SEX offenders that target sex workers will no longer be able to receive reduced sentences for their crimes under the updated Victorian Sentencing Manual.

The manual, which acts as a guide to sentencing in all Victorian jurisdictions, previously suggested that sex workers were less vulnerable in cases of sexual assault than other victims due to the nature of their work.

Two separate cases involving sex workers – in 1981 and 1991 – helped to inform this untouched section in the manual, which encouraged judges to consider a victim’s sexual experience when sentencing.

“The rape of a [sex worker] might lack certain circumstances of aggravation commonly associated with the rape of a ‘chaste’ woman,” it read.

“The [sex worker’s] experience may tend to reduce the weight commonly given in rape cases to the reaction of revulsion of the ‘chaste woman’… the elements of shame and defilement may be missing.”

However, after recent submissions were made to the Judicial College by Vixen Collective and the St Kilda Legal Service, these areas have since been amended.

The updated manual now identifies sex workers as being particularly vulnerable, and says their profession should have no effect on the sentence of a sex offender.

“Their work involves them being in close physical proximity to people, placing themselves in positions that can be susceptible to attack,” it now reads.

“An offender’s abuse of this vulnerability has been considered an aggravating feature for sentencing.”

Queer sex worker Jane Green from Victoria’s sex work organisation Vixen Collective said there’s been an extremely positive reaction to the changes from within the sex worker community.

“There are multiple barriers in front of sex workers achieving justice in Victorian courts, and this was certainly one important impediment we faced,” she said.

“To have it saying these things for such a long period of time was extremely disheartening for our community, there’s a clear perception that it has influenced judicial conduct – in the Jill Meagher case we very clearly felt the sentencing was too short.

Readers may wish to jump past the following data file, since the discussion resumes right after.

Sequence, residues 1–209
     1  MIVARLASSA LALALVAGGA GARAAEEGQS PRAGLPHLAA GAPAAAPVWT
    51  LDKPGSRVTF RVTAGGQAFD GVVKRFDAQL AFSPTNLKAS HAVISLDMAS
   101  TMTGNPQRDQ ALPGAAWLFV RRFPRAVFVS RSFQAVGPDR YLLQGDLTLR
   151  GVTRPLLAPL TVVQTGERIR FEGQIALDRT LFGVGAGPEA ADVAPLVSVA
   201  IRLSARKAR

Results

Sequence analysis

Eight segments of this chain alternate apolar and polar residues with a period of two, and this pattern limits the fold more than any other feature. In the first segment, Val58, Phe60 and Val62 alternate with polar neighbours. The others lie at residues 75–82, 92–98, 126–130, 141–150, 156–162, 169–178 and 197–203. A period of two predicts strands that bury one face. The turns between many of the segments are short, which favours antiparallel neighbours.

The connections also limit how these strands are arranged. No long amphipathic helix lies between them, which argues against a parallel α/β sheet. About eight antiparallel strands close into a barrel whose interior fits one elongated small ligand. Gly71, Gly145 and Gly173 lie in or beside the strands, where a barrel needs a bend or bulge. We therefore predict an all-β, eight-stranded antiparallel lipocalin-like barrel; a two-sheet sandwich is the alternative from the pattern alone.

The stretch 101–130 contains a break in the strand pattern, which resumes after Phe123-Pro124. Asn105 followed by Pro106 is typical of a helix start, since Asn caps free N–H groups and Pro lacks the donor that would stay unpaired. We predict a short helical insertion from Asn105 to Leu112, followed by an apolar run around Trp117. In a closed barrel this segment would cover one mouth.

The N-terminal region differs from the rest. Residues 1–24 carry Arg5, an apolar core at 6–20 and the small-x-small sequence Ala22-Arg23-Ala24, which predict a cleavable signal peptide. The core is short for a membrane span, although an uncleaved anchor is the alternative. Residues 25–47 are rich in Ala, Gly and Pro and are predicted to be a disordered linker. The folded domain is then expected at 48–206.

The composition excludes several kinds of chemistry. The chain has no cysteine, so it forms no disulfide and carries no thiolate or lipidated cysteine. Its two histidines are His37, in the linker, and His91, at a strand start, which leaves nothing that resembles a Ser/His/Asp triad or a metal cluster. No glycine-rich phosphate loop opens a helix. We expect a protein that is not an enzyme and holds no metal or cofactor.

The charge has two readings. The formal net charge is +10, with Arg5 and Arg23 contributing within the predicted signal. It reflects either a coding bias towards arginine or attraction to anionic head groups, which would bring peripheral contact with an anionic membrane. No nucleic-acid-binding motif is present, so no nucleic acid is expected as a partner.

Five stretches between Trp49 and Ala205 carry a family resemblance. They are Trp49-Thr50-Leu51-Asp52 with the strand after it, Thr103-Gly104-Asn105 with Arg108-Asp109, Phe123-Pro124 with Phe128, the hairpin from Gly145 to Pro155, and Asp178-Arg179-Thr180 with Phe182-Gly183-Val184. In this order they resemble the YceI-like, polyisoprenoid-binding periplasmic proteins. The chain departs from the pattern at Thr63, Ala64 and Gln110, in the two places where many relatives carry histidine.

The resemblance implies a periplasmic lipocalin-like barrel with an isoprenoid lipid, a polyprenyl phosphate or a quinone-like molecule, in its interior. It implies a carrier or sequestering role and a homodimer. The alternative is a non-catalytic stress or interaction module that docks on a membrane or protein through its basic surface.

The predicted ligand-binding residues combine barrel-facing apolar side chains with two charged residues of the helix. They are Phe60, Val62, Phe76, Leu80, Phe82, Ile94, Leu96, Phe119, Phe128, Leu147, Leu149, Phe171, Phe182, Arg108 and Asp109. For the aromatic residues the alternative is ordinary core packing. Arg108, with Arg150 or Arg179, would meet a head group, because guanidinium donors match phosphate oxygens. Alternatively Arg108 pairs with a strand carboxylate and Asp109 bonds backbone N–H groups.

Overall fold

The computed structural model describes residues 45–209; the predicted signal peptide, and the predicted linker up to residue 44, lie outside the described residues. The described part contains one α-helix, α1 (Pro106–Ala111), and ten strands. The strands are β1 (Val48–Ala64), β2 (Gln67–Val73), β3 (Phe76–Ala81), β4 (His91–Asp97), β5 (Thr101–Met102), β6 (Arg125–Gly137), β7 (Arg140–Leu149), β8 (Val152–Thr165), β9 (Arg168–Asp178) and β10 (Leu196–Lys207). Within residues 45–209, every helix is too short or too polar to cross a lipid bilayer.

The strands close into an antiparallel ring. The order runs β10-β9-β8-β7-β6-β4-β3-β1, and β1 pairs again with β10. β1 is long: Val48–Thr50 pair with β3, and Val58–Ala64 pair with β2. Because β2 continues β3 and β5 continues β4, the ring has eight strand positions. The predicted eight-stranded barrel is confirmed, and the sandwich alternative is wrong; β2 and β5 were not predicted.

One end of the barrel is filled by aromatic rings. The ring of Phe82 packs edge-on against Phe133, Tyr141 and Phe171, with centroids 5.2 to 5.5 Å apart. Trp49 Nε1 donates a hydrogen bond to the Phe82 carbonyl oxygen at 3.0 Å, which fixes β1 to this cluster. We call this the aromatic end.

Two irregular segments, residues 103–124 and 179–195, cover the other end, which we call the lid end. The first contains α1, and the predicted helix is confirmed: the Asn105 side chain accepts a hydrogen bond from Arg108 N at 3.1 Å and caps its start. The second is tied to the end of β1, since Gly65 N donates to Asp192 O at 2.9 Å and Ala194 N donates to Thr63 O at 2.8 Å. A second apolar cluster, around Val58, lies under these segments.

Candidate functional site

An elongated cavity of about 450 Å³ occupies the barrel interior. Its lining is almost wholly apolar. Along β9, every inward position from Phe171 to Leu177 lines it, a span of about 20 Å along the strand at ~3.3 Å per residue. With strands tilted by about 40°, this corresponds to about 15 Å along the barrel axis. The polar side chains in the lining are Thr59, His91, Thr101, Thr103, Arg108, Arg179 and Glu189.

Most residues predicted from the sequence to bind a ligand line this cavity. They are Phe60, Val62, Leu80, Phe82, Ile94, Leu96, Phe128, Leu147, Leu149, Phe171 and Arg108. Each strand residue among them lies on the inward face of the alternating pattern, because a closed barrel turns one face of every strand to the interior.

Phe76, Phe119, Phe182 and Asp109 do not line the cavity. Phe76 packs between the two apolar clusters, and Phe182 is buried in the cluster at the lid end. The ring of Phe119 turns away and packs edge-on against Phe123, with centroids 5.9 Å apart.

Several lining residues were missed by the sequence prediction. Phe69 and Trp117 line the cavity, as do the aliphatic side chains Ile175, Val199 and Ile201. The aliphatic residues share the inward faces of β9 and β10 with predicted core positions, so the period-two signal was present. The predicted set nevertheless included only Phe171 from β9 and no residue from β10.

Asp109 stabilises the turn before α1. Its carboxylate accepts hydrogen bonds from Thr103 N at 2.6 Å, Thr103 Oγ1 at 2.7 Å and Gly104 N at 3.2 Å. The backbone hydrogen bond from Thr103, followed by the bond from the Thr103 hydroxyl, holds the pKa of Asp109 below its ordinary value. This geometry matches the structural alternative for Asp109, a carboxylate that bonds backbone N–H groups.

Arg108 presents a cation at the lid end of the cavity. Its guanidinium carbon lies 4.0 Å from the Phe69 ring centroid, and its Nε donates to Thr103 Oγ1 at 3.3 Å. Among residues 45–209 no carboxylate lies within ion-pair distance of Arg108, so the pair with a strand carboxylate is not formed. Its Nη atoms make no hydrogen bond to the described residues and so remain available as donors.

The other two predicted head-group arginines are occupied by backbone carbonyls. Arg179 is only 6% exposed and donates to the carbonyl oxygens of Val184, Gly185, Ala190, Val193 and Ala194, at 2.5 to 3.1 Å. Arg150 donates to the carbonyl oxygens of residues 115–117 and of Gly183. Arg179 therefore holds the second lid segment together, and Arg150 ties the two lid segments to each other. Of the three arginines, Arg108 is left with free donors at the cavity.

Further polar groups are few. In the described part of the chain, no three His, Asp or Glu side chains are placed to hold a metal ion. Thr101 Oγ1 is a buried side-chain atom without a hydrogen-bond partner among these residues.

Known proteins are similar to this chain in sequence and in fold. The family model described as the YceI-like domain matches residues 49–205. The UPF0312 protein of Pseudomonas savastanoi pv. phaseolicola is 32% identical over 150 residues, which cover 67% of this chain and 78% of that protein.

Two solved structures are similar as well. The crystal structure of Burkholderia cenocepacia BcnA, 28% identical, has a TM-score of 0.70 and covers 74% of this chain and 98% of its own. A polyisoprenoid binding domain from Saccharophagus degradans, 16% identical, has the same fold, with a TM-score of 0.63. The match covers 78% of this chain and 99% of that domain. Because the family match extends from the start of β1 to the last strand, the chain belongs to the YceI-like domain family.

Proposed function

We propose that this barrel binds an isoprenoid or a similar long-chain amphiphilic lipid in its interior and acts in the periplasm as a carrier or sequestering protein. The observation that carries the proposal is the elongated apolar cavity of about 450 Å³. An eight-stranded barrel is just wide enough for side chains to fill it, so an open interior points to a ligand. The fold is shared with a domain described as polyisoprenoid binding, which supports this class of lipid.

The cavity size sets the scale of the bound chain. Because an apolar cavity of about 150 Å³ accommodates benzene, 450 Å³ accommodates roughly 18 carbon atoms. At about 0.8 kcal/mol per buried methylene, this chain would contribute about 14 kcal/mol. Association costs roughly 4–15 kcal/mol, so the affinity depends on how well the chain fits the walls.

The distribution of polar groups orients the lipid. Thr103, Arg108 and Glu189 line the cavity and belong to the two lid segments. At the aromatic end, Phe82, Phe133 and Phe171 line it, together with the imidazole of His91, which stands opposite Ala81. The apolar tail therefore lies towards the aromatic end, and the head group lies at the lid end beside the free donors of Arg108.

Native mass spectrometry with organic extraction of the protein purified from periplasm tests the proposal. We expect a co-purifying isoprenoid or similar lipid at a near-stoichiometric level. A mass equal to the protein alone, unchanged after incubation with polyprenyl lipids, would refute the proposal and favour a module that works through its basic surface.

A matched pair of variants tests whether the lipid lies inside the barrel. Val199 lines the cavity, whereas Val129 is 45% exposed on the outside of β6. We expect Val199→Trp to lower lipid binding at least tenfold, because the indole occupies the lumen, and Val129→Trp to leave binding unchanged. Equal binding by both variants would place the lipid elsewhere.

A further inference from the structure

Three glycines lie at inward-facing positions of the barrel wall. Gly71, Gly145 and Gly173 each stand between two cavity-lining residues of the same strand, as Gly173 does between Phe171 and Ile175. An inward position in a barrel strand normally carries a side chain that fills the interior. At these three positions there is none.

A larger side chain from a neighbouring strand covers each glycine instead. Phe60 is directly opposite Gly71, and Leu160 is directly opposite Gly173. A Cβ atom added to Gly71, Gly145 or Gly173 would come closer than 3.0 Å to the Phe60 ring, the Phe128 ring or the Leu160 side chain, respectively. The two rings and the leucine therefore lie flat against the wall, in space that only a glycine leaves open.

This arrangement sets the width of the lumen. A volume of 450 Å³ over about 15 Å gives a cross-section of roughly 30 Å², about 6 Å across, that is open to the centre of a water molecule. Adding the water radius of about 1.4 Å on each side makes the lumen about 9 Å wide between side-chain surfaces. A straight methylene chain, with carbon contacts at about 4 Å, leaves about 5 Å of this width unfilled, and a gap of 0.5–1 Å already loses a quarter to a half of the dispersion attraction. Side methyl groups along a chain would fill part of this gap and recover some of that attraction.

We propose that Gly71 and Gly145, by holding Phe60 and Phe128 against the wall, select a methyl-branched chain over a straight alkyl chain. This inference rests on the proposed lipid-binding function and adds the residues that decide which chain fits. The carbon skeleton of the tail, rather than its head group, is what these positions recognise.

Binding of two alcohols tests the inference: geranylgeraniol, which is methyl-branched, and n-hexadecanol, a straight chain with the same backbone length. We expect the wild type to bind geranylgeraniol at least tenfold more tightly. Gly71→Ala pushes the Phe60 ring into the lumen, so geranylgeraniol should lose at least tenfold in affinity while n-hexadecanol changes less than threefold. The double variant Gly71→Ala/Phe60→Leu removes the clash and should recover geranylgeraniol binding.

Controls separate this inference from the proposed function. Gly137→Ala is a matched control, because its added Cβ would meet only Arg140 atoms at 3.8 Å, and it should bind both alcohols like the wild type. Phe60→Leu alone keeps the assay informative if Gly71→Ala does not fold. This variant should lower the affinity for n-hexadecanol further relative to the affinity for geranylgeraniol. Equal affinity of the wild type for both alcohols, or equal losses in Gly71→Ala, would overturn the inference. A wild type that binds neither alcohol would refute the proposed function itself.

“So it wasn’t just affecting people in our community.”

Despite this significant step, Green believes there are many systemic issues preventing sex workers from accessing police in Victoria that aren’t addressed in the manual.

“As a victim of sexual assault myself I can say things like the lack name suppression in courts and the fact that one’s sex worker status would be disclosed are impediments for many who want to come forward and go through the court process,” she said.

“There’s a persistent stigma towards our community and our community always has to fight these battles.

“Vixen Collective receives no funding from the government whatsoever yet this year $40,000 went to Project Respect which advocates for the criminalisation of sex work, something that would be intrinsically harmful and dangerous for us.

“So the lack of funding for our peer organisation is problematic.”

Earlier this year sex workers across the state were disappointed at the Victorian Government’s minimal updates to the Sex Work Regulations.

Lawyer at the St Kilda Legal Service Suzan Gencay said the updated manual will help to give judges more information if a case were to unfortunately arise.

“It would tell them that sex workers are more vulnerable, rather than less” she said.

“It essentially states that sex workers are a more vulnerable kind of victim that puts them in a situation where people could be offenders.

“What we discovered in our research was that no-one ever said the precedent was wrong, so we made a submission on the basis that those older cases shouldn’t be followed.”

Gencay said the Judicial College were quick to respond and update the topics, which had likely been overlooked among the thousands of pages contained within the manual.

She added that it was great working alongside Vixen Collective to make the changes happen.

“No-one deserves to have their sexual history taken into account when sentencing and it’s ridiculous we’re having this conversation in 2016.

“But the Judicial College were great – within 48 hours of making submissions they got in touch with us. They hadn’t left it in there on purpose, there are just thousands of pages and it’s the first update to sections in 14 years.”

 

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